Next is the woodchip mulch after nearly two years on the garden. It is not my favourite mulch but we were given a large truckload of freshly mulched copper beech branches and leaves and I needed to cover a few hundred square metres of newly planted garden. Beggars can’t be choosers. It was put through a commercial mulcher and is much coarser than we get out of our domestic mulcher machine. It is very light to handle and forms a crust across the surface, discouraging weed growth. I just don’t like the colour – it is pale creamy yellow when it goes on – and because it is so coarse, it takes a long time to mellow out to something more neutral. And I don’t like the coarseness. It looks… utility, which indeed it is.
Our home-generated woodchip, being of a finer texture, discolours far more quickly and is less dominant visually. But it takes a lot of prunings to generate much quantity.
The advice with woodchip is to be careful to lay it on the top because it robs the soil of nitrogen as it decomposes if it is incorporated into the soil. Behold an example. I did the initial planting of this aster and laid mulch. I must have gone back into the area to add some more plants. Clearly, I was not sufficiently careful to scrape the mulch to one side and some of it was dug in when planting. The somewhat bare area and yellowish tinge to the plants are signs of nitrogen deficiency. I keep telling myself to get out and scatter a bit of blood and bone on the affected plants to combat this but we do not generally add fertiliser to our garden so I haven’t got around to it yet.
Next up is leaf litter – natural, free, nutritious, enabling a healthy soil ecosystem but untidy for small, tightly maintained areas. The birds will scratch amongst it (which is a sign of a richer soil environment because they are looking for food) and it often needs raking back into place until it builds a good under-layer. I like leaf litter mulch visually but where I am using it is in larger, more naturalistic spaces. It would not be my first choice for small, confined areas. Though the smaller your leaves, the tidier they will appear.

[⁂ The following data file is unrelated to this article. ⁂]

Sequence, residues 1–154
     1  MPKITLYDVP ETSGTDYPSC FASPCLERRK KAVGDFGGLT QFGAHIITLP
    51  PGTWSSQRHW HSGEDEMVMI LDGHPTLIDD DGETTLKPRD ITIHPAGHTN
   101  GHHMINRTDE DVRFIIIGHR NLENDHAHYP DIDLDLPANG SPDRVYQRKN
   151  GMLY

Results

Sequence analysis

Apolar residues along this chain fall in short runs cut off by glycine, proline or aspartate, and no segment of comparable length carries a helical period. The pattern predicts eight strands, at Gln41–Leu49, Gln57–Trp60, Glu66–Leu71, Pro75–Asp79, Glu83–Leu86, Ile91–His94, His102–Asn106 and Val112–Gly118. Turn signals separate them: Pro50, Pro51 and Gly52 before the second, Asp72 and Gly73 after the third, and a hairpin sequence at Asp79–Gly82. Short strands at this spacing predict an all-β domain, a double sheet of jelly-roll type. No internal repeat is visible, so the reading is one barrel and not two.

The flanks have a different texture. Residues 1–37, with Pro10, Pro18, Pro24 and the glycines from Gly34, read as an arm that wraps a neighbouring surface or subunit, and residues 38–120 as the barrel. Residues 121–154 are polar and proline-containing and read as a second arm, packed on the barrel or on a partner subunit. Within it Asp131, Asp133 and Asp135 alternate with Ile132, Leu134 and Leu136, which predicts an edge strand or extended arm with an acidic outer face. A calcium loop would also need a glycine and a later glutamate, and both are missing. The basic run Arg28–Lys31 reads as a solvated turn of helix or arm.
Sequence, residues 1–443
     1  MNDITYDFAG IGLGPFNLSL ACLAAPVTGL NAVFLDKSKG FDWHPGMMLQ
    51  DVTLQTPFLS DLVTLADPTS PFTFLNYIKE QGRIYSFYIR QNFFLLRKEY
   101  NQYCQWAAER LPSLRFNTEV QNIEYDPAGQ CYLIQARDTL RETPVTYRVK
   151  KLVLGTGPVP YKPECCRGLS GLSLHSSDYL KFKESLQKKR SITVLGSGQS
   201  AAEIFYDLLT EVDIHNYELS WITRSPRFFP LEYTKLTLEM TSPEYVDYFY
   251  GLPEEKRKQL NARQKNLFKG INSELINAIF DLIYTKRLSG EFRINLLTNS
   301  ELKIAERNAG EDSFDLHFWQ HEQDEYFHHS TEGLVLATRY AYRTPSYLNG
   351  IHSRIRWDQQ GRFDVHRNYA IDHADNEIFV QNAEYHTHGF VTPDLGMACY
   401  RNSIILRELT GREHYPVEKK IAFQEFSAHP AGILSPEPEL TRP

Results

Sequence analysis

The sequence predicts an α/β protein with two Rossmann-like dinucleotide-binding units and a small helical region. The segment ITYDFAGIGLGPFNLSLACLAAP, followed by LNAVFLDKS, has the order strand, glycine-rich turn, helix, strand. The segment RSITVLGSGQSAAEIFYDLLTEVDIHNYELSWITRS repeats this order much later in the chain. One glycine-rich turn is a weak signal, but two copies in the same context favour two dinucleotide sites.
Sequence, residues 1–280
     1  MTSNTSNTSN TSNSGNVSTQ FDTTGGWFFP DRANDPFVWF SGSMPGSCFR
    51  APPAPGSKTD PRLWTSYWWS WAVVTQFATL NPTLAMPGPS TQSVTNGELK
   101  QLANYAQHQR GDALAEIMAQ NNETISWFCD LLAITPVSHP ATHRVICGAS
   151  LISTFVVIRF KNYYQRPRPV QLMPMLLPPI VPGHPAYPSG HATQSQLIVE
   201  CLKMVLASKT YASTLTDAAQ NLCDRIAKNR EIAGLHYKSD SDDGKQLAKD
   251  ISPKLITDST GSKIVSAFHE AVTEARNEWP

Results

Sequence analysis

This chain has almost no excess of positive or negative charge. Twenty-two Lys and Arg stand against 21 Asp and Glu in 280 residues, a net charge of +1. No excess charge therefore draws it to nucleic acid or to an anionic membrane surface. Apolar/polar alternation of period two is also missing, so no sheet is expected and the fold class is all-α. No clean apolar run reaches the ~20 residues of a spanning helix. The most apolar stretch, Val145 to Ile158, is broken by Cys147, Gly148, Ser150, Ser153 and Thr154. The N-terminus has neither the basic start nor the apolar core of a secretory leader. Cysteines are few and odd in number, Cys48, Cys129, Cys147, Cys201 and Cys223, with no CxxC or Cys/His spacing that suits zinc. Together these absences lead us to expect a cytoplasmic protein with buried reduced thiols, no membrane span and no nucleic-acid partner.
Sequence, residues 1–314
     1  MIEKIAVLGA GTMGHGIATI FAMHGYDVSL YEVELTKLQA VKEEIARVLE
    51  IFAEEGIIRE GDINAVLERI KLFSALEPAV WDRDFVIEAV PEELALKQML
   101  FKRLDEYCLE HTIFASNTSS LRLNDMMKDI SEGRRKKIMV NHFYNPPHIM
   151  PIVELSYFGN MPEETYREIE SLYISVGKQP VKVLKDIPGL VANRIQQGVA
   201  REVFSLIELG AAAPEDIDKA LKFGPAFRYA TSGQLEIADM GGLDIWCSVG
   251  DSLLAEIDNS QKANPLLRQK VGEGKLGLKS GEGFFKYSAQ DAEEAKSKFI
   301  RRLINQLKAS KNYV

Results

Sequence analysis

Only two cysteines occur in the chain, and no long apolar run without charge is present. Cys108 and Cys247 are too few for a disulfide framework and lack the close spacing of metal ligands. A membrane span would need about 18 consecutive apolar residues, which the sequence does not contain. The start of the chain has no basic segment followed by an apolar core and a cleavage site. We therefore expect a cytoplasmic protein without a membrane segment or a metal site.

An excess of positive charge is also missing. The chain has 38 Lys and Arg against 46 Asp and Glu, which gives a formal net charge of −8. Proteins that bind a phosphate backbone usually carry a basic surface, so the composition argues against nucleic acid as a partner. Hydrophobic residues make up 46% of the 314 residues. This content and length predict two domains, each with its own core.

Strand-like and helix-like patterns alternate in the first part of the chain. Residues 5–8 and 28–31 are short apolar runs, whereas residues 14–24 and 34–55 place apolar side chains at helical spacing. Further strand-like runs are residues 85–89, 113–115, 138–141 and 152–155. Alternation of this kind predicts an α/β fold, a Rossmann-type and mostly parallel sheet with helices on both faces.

And finally compost – our preferred mulch by a country mile. Because our soils are so friable, we generally add compost as a mulch rather than digging it in around the roots of the plants. The worms will do the work and incorporate it over time. We often choose to put the woodchip and leaf litter through the composting process first. Compost is light to handle, natural in appearance and makes a major contribution to soil and plant health. We make a lot of compost here, putting it through a process that heats up sufficiently to kill off many nasties but even so, we try and avoid putting seed heads and invasive plants on the compost heaps. The problem is that even though we have compost mounds that are turned by tractor, we don’t make enough to compost to meet our mulching needs which is why we sometimes have to go to alternative options.
Upon reflection, I may have to turn to the gravel mountain to mulch the new grass garden that I plan to plant this autumn. It is about 450 square metres and laying an 8cm mulch across that area is going to take a lot of whatever I use. At least this is a planting that I do not anticipate having to do frequent digging and dividing.